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What’s wrong with a test-drive?

How can I respond to my friend when he says, "Would you buy a car, without first test-driving it?" in regards to sex?


I was out recently with some friends, and the conversation turned to the issue of premarital sex. I was trying to defend my position to an acquaintance who held the opposite view, and he said something to me that I just could not adequately respond to. I’m a little embarrassed because it wasn’t exactly an original argument. He said, “Would you buy a car, without first test-driving it?” Do you have any ideas on a thought-provoking answer that would display the error in that argument?


You could tell him that his view trivializes sex, is a one dimensional view of marriage, and demeans, demoralizes and dehumanizes women. How’s that for starters?

OK. Let me take a deep breath and calm down.

Our female readers’ hearts must be just melting with romantic euphoria at the thought of being compared to a Volvo. Him to her dad: “She’s pretty; no doubt about that. Mind if I take her for a spin? Can you tell me about her warranty? I mean, what if she turns out to be a lemon? What kind of mileage does she get? You don’t have one in metallic silver, do you? I know you’re asking $20K but would you take $15? What about with a trade-in?”

You might remind your friend that despite men’s fondness for naming their vehicles, a car is a soul-less, inanimate piece of metal. The woman you marry is a human being, like him, made in the image of God, with whom — unlike a car — you’re commanded by God to become one flesh for a lifetime.

Marriage and buying a car have little to do with each other. One is, as Michael Lawrence points out in this Boundless piece, about being a consumer, the other is about being a servant. It’s apples and oranges. Your friend is making what’s called a “straw-man” argument: presuming a premise, then knocking it down, but the premise he starts with is false, merely a “straw-man.” Car buying and spouse finding are not the same thing, despite how much guys love their cars, nor is sex anything like taking a car on a test drive — thankfully! Sex is but one part of a lifelong relationship, and trust me, a “test spin” of sex will tell you absolutely nothing — nothing — about how your sexual life with your wife will be or how your marriage will be. That’s an adolescent boy’s view of sex. Period. What exactly is he hoping to discover with the sexual “test-drive” anyway? What about a sexual encounter would disqualify someone from being his wife? A guy says something like that and actually has no idea what he means by it.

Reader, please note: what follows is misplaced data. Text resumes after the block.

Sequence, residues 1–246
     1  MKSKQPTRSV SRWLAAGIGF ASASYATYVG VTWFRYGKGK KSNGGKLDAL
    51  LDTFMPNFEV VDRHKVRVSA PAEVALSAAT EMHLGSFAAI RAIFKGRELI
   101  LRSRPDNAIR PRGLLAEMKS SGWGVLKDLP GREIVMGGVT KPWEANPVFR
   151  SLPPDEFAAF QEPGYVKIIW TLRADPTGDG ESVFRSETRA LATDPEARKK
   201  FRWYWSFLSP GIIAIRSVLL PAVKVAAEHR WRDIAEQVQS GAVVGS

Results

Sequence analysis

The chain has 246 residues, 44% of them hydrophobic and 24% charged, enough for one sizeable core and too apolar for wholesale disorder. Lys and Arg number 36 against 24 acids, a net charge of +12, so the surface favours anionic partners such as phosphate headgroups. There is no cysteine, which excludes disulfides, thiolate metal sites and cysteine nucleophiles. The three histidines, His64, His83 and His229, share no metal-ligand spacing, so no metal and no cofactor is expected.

Let’s turn the tables and see how it feels. Let’s say he finds the woman he wants to marry. She’s perfect in every way, except for one thing: she’s been “test driven” by all the guys who have the same mentality he does. She’s been treated like a commodity by guys who needed to “kick the tires” to make sure she’d do, but for one reason or another they rejected her. How does that make him feel about those guys who “test drove” his now-fiancé? When she says, “Keep in mind I’ve had to sleep with a lot of guys because, as you know, guys need a test-drive,” will he understand? Or is he expecting brand new “cars” just to keep rolling up to him for his test drives?

Or better yet, how would he feel if he were taken on a test drive? What if, after having had premarital sex with the woman he wants to marry, she said to him, “I’m sorry, everything about you is perfect, but I just can’t marry you because you were a horrible ‘test-drive,'” and then discards him into a junk-yard heap? See how hurtful that is?

Tell him you’re not buying a car; you’re searching for the person you’ll spend the rest of your life with, raise a family with, and grow old with. You’re much better off to look for connection in other areas — spiritual, personal and emotional compatibilities. The last thing you need to worry about is sexual compatibility or performance. You’ll just have to trust me (and thousands upon thousands of marrieds) on this one: sexual compatibility is something that grows, matures, enhances over time, and surely can’t be judged on a “test-drive.”

There. I feel much better.



Copyright 2012 John Thomas. All rights reserved.

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About the Author

John Thomas

John Thomas has been a Boundless contributor since its beginning in 1998. He and his wife, Alfie, have three children and live in Arkansas, where he serves as executive director of Ozark Camp and Conference Center, a youth camp and retreat center.


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